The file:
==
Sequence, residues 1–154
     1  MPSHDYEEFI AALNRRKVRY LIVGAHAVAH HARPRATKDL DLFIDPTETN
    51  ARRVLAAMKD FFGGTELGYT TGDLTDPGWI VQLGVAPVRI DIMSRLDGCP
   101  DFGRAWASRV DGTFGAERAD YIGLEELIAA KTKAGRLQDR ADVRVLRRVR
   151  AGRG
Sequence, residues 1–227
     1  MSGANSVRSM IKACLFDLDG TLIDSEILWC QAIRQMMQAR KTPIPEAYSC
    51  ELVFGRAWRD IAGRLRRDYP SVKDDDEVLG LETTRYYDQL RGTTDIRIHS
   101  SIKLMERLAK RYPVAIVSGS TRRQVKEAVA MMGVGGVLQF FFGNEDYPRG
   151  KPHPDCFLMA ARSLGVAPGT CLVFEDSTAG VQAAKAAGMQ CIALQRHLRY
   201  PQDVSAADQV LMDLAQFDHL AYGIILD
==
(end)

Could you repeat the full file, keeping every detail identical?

Sequence, residues 1–154
     1  MPSHDYEEFI AALNRRKVRY LIVGAHAVAH HARPRATKDL DLFIDPTETN
    51  ARRVLAAMKD FFGGTELGYT TGDLTDPGWI VQLGVAPVRI DIMSRLDGCP
   101  DFGRAWASRV DGTFGAERAD YIGLEELIAA KTKAGRLQDR ADVRVLRRVR
   151  AGRG
Sequence, residues 1–227
     1  MSGANSVRSM IKACLFDLDG TLIDSEILWC QAIRQMMQAR KTPIPEAYSC
    51  ELVFGRAWRD IAGRLRRDYP SVKDDDEVLG LETTRYYDQL RGTTDIRIHS
   101  SIKLMERLAK RYPVAIVSGS TRRQVKEAVA MMGVGGVLQF FFGNEDYPRG
   151  KPHPDCFLMA ARSLGVAPGT CLVFEDSTAG VQAAKAAGMQ CIALQRHLRY
   201  PQDVSAADQV LMDLAQFDHL AYGIILD